Figure 1: Simplified model for participation of chromatin modification in regulating plant immunity against biotic stress. Histone modification changes in defense-related gene can be achieved through methylation/demethylation and/or acetylation/deacetylation by antagonistic interaction between HMT and HDM or HAT and HDAC Each enzymes catalyzed different modification in regarding its roles in plant immunity is described in literature. The hypothetical involvement of the IncRNA in regulating the dynamin defense gene expression through the modulation of chromatin architecture is proposed as well. ActMe, active methylation marker; RepMe, Repressive methylation marker; HMT, histone methyltransferase; HDM, histone demethylase; HAC, histone acetylase; HDAC, histone de acetylase; IncRNA, long non-coding RNA; PR, pathogenesis-related; R, Resistance.
Mentions: Recent research has increased our understanding of how chromatin modifications and remodeling affect defense in the model plants Arabidopsis and rice. Based on current evidence and as summarized in Figure 1, histone modifications in plant defense responses can be grouped as follows: (1) active histone marks that establish a basal expression level of the defense genes to enable an effective induction when the plant is challenged; (2) repressive histone modifications that prevent unnecessary activation of defense-related genes under normal growth conditions; (3) histone modifications that are induced after pathogen infection and that induce or reinforce the expression of defense-related genes; and (4) histone/chromatin changes that occur in response to biotic or abiotic stresses and that can be transmitted to the next generation. In the future, a combination of new genomic and proteomic approaches should be used to identify the targets of the epigenetic-related enzymes and other factors that are involved in the regulation of plant immunity. In addition, only a few histone-modifying enzymes have been investigated. Large-scale screens and characterization of epigenetic mutants should help increase our understanding of the histone-modifying enzymes involved in the chromatin changes that occur when plants defend against pathogens. Moreover, three-dimensional structure plasticity of genomes establishes fine-tune feature in gene expression modulation rather than defined by its linear context. Emerging evidence showed that lncRNAs (long non-coding RNAs) and chromatin remodeling complexes are shaping the dynamic genome topology through chromatin loops to regulate dynamic gene expression in response to the environmental cues (Ariel et al., 2014; Jegu et al., 2014). Considering that the global genome structure is impacted in many diseases in animal systems and the participation of lncRNAs in nuclear architecture, the association between non-coding RNAs and the genome topology related to chromatin marks and organization remains an unexplored area in plant immunity.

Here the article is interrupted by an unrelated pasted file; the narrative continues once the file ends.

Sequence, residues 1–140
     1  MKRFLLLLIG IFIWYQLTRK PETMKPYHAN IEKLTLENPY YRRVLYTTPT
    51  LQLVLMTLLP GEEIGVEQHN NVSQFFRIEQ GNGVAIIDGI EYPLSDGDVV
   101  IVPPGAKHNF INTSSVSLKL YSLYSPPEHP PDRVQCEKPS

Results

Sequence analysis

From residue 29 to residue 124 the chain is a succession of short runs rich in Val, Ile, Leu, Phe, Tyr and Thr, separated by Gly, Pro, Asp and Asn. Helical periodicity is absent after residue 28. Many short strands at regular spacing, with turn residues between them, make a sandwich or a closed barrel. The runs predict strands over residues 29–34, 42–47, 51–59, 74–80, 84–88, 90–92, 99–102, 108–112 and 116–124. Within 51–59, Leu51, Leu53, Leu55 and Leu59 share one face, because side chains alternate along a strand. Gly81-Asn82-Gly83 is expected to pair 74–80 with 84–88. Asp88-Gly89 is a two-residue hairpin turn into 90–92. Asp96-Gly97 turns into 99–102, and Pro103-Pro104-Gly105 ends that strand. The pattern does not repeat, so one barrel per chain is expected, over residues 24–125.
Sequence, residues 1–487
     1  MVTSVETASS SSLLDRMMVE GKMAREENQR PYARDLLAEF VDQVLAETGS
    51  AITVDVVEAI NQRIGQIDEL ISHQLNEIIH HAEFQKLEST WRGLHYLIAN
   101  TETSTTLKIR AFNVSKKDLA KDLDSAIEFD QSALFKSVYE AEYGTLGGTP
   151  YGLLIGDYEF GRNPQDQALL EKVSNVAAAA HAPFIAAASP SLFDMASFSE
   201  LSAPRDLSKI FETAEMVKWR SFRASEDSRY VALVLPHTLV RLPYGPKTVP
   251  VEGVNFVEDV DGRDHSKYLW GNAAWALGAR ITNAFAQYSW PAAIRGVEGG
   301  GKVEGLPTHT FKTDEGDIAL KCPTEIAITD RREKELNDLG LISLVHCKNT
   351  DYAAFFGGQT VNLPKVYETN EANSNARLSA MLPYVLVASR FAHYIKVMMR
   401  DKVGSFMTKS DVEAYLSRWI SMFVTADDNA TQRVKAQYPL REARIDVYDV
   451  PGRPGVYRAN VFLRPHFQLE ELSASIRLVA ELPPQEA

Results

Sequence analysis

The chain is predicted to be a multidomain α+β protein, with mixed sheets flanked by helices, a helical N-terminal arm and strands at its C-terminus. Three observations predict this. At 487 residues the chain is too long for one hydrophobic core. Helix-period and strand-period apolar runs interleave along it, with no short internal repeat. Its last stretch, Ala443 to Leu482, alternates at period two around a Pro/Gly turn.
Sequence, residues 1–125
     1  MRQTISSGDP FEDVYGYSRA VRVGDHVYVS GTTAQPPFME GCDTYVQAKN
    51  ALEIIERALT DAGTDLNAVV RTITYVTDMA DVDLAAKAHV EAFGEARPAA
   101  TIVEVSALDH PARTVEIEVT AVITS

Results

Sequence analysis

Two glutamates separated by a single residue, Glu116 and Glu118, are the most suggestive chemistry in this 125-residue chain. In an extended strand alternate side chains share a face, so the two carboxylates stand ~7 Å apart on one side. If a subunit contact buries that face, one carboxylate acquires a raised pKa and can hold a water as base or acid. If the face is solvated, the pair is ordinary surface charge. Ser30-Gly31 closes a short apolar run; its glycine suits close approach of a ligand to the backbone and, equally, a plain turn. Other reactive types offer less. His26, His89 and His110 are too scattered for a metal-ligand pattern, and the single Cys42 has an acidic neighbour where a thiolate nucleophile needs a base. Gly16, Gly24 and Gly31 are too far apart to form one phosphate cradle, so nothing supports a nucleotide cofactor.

Bottom Line: To defend against pathogens, plants have developed a sophisticated innate immunity that includes effector recognition, signal transduction, and rapid defense responses.In this review, we highlight the current understanding of the molecular mechanisms of histone modifications (i.e., methylation, acetylation, and ubiquitination) and chromatin remodeling that contribute to plant immunity against pathogens.Functions of key histone-modifying and chromatin remodeling enzymes are discussed.

View Article: PubMed Central - PubMed

Affiliation: State Key Laboratory of Plant Diseases and Insect Pests, Institute of Plant Protection, Chinese Academy of Agricultural Sciences Beijing, China.

ABSTRACT
To defend against pathogens, plants have developed a sophisticated innate immunity that includes effector recognition, signal transduction, and rapid defense responses. Recent evidence has demonstrated that plants utilize the epigenetic control of gene expression to fine-tune their defense when challenged by pathogens. In this review, we highlight the current understanding of the molecular mechanisms of histone modifications (i.e., methylation, acetylation, and ubiquitination) and chromatin remodeling that contribute to plant immunity against pathogens. Functions of key histone-modifying and chromatin remodeling enzymes are discussed.

No MeSH data available.